Where We Stand with 25 Days Left

HILLARY:TRUMP

Presidential Race:

The home stretch is finally here. Just one more presidential debate remains with October 19th being the candidates’ last national plea to voters on stage. Following the debate, both candidates will embark on a 20-day frenzy to the finish line on November 8th. Current polling data suggests Trump will need a small miracle to make November 8th competitive. The current “no-toss-up” real clear politics map projects an electoral landslide with Hillary Clinton earning 340 electoral votes to Trump’s 198. Trump’s campaign recently announced they were pulling out of Virginia—an admission of defeat in Democratic Vice-Presidential candidate Tim Kaine’s home state. The projected electoral landslide has emerged because Trump currently trails in every traditional swing state besides Iowa and even is running the risk of losing Republican strongholds Georgia and Arizona. The Republican establishment, including House Speaker Paul Ryan, has also almost completely abandoned his effort leaving Trump in a world of trouble 25 days before election. Trump’s electoral math is increasingly difficult as the real clear politics map currently indicates he would need to win Ohio, Florida, North Carolina, New Hampshire and Iowa to even stand a chance of reaching 270 electoral votes. Fivethirtyeight, a ESPN affiliated website run by Nate Silver, currently gives Hillary Clinton an 84.7% chance to win the election while giving Donald Trump a mere 15.3%.

While Trump’s road to 270 on November 8th is certainly slim, the race for President of the United States is far from over. Hillary Clinton’s recent Wikileaks included: religious bias, deep corruption and favoritism in the Democratic primary process, and a former Bill Clinton aide calling her daughter Chelsea a “spoiled brat.” Clinton’s emails may continue to haunt her through election day—giving Trump a window of opportunity to make a comeback. In addition, historians have seen massive comebacks in Presidential elections as result of an “October surprise.” An October surprise could be anything from another shocking revelation about either candidate, a terror attack, or an economic crash that could swing the vote of previously decided voters.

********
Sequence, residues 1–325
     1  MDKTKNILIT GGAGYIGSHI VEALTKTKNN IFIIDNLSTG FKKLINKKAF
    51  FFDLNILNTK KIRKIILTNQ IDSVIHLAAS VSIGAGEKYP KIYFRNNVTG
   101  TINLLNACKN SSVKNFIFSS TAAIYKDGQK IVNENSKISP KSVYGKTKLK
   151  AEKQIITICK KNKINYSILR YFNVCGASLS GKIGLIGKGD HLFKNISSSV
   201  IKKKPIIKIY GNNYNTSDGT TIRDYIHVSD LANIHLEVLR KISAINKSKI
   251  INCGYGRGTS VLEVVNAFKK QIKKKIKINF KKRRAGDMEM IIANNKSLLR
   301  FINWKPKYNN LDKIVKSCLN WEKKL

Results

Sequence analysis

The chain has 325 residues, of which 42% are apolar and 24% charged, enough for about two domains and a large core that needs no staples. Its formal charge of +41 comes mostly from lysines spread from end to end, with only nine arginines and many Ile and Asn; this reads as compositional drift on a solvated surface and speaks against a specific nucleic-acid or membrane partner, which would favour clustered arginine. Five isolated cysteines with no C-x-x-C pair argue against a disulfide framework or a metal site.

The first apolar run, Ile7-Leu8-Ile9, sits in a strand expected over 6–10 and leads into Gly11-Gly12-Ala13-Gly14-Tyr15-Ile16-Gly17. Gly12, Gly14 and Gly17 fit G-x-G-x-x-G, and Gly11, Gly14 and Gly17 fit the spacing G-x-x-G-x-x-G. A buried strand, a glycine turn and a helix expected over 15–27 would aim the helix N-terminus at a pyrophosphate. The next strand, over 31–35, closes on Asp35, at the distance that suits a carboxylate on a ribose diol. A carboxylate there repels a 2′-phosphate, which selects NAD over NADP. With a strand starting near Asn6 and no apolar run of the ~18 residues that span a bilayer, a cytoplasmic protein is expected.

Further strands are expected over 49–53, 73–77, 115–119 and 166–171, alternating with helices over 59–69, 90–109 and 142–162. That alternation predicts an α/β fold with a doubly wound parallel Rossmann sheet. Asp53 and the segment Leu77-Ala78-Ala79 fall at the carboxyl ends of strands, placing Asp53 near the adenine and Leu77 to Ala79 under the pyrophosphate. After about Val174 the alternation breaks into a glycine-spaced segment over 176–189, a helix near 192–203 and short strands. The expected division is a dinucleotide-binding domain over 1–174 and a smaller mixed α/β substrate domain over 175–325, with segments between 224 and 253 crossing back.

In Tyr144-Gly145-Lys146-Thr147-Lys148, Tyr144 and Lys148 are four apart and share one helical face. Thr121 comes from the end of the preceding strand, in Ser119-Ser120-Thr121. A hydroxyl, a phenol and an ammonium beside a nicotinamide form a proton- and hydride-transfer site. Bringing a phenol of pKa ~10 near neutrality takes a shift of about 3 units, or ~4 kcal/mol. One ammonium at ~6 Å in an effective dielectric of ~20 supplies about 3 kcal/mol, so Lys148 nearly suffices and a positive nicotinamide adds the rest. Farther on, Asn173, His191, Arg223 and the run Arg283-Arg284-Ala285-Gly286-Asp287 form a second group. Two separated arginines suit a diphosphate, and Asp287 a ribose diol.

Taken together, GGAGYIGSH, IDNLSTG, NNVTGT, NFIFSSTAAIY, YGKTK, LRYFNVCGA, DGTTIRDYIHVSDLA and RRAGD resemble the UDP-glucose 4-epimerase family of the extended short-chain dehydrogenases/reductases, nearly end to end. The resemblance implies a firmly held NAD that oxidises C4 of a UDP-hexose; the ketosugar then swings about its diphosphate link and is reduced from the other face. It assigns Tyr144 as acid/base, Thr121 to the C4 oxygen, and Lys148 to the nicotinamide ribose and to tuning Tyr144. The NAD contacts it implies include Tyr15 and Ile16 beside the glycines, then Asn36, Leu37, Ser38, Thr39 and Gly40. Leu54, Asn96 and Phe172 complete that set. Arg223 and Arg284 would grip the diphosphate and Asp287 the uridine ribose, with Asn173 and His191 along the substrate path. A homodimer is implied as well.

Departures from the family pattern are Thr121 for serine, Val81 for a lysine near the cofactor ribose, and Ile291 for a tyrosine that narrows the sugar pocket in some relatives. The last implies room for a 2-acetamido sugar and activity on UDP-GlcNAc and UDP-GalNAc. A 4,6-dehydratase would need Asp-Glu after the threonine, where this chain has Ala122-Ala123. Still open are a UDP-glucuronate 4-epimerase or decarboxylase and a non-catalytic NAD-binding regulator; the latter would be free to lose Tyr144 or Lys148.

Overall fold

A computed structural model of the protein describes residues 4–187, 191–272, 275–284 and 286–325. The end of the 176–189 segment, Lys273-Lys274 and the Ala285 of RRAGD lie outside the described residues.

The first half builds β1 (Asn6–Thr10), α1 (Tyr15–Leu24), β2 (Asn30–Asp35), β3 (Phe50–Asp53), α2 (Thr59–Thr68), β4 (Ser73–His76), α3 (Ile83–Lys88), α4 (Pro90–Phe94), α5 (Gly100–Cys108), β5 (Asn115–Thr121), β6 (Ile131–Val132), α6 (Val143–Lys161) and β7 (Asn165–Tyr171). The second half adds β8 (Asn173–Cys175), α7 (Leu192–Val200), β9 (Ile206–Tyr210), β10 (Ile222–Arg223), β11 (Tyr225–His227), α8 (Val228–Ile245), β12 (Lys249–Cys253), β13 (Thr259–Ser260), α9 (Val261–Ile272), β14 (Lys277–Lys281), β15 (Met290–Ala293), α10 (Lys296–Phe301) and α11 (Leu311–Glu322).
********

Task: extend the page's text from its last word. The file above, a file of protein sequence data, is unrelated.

Senate:

With 25 days left the race for the Senate remains extremely tight, however, polls indicate Democrats have made strides since Trump’s vulgar videotape surfaced last Friday. According to fivethiryeight, the Democrats currently have a 60.3% chance to win back control of the Senate from Republicans for the first time since 2014. What’s interesting about these numbers is that it factors in a 50/50 tie as Democratic control because current betting odds highly lean towards Hillary Clinton defeating Donald Trump in November. A 50/50 tie and a Clinton Presidency would mean that current Democratic Vice Presidential nominee Tim Kaine would break ties in the Senate. Any vote that ends tied, such as the pending vote on Supreme Court nominee Merrick Garland, will almost certainly end up favoring the Democrats because of Kaine’s tiebreaking vote.

As election day approaches the most important Senate races to watch are as follows:

North Carolina—Richard Burr (R) vs Deborah Ross (D)
Pennsylvania—Pat Toomey (R) vs Katie McGinty (D)
New Hampshire—Kelly Ayotte (R) vs Maggie Hassan (D)
Nevada—Joe Heck (R) vs Catherine Cortez Mastro (D)
Missouri—Roy Blunt (R) vs Jason Kander (D)

House:

When Donald Trump unofficially clinched the GOP nomination on May 3rd following the Indiana primary, some Democrats hoped that he would be a poor enough candidate to help Democrats take back control of the House of Representatives. The Democrats hope, however, has not come to fruition as Democrats have struggled to make up ground in many congressional districts. House Speaker Paul Ryan also announced Monday that he is abandoning Trump’s campaign and will spend his time campaigning for down-ballot Republicans fighting to keep their House seats. While real clear politics currently projects the Democrats to pick up approximately 15 seats, the Republicans are strongly projected to maintain control of the House.




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